What is Depreciation Expense?
When a long-term asset is purchased, it is often capitalized instead of being expensed in the given period. This is because that asset will generally still be economically useful and generate returns beyond that accounting period, so expensing it in that period will overstate the expense in that period and understate it in all future periods. To avoid this, depreciation expense is used to better match the expense of a long-term asset to the revenue it generates.
There are different methods used to calculate depreciation expense, and the type of depreciation accounting used is generally selected to match the nature of the equipment. For example, for vehicles that depreciate much faster in the first few years, an accelerated depreciation method is often chosen.
Example of Depreciated Asset
What are the Depreciation Expense Methods?
There are three methods of calculating the depreciation expense for a company:
- Straight-line depreciation
- Declining Balance (accelerated depreciation)
#1 Straight-line depreciation
This is the most commonly used method of depreciation and is also the easiest to calculate. This method simply takes an equal expense over the useful life of the asset.
Periodic Depreciation Expense = (Fair Value – Residual Value) / Useful life of Asset
For example, Company A purchases a building for $50,000,000 to be used over 25 years with no residual value. Depreciation expense is $2,000,000, which is found by dividing $50,000,000 by 25.
To learn more, check out our free accounting fundamentals course.
#2 Declining Balance
A declining balance depreciation is used when the asset depreciates faster in earlier years. As the name implies, the depreciation expense declines over time. To do this, the accountant picks a factor higher than one. In a straight line depreciation, the expense is found by multiplying the fair value with 1 / useful life. In this calculation, the factor is 1. In a declining balance, the factor can be 1.5, 2 or more. A 2 factor declining balance is known as a double-declining balance.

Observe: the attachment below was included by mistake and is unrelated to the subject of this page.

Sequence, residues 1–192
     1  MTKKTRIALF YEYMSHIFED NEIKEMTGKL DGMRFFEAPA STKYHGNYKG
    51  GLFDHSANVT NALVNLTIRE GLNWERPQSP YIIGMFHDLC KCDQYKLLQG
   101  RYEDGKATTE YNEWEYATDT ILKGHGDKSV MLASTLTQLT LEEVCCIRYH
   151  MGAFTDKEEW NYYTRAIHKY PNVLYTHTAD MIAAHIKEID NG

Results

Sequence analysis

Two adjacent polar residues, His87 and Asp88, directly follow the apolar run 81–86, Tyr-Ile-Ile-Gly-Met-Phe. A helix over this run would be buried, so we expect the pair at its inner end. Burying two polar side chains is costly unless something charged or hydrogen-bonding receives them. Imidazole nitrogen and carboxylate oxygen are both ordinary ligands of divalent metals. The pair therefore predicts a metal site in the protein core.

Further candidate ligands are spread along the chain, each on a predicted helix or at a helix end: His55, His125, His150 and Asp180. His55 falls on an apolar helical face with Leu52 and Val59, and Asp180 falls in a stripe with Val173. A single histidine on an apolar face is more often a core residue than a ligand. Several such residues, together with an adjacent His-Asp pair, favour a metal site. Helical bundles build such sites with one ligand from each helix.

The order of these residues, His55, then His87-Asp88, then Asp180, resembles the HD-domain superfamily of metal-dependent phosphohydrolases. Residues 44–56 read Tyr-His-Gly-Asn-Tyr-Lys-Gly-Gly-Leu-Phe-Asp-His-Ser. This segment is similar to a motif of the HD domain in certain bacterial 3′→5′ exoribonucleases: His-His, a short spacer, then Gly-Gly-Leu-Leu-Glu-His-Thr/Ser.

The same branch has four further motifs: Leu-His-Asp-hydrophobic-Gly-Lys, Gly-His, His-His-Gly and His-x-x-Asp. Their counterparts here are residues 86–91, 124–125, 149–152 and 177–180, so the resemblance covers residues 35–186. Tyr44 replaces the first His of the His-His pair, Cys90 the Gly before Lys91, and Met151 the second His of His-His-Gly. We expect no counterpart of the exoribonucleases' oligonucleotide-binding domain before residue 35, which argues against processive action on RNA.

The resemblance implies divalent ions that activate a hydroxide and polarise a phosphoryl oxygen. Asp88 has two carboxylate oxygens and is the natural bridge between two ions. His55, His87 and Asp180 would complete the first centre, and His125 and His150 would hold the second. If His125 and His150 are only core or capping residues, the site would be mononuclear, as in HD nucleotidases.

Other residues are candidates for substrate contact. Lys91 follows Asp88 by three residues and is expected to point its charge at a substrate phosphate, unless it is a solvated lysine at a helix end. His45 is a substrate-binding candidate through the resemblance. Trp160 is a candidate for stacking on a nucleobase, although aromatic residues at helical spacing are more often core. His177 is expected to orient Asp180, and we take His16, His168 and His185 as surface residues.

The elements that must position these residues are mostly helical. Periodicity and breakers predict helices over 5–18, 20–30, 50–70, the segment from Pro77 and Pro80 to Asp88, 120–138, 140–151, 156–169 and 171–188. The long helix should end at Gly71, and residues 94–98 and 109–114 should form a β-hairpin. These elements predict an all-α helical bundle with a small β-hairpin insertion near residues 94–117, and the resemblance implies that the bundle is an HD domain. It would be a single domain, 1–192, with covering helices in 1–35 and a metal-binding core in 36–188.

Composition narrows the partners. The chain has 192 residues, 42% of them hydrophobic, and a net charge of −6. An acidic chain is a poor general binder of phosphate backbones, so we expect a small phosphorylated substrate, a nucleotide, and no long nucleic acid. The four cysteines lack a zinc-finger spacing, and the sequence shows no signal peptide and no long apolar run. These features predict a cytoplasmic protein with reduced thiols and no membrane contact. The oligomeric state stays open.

Periodic Depreciation Expense = Beginning Value of Asset * Factor / Useful Life
The depreciation expense changes every year, because it is multiplied with the beginning value of the asset, which decreases over time due to accumulated depreciation. Note that residual value is ignored under declining balance.
For example, Company A has a vehicle worth $100,000, with a useful life of 5 years. They want to depreciate with the double-declining balance. In the first year, depreciation is expense is $40,000 ($100,000 * 2 / 5). In the next year, depreciation expense is $24,000 ( ($100,000 – $40,000) * 2 / 5).
See how declining balance is used in our financial modelling course.
Under this method, the depreciation expense per unit produced is found by dividing the fair value less residual value of the asset with the useful life in units. This method sets a higher expense when production is high, to match the usage of the equipment. This method is also most useful for production machinery.
Unit Depreciation Expense = (Fair Value – Residual Value) / Useful Life in Units
Periodic Depreciation Expense = Unit Depreciation Expense * Units Produced
For example, Company A has a machine worth $100,000 with a residual value of $5,000. Production units is 95,000. Thus on a unit basis the expense is ($100,000 – $5,000) / 95,000 = $1. In a year, company A produces 10,000 units and incurs an expense of $10,000
Unit depreciation is commonly used in mining operations. Check out our financial modelling course specialized for the mining industry.
Learn more about the Balance Sheet
To keep learning and developing your career, please check out these additional, relevant resources: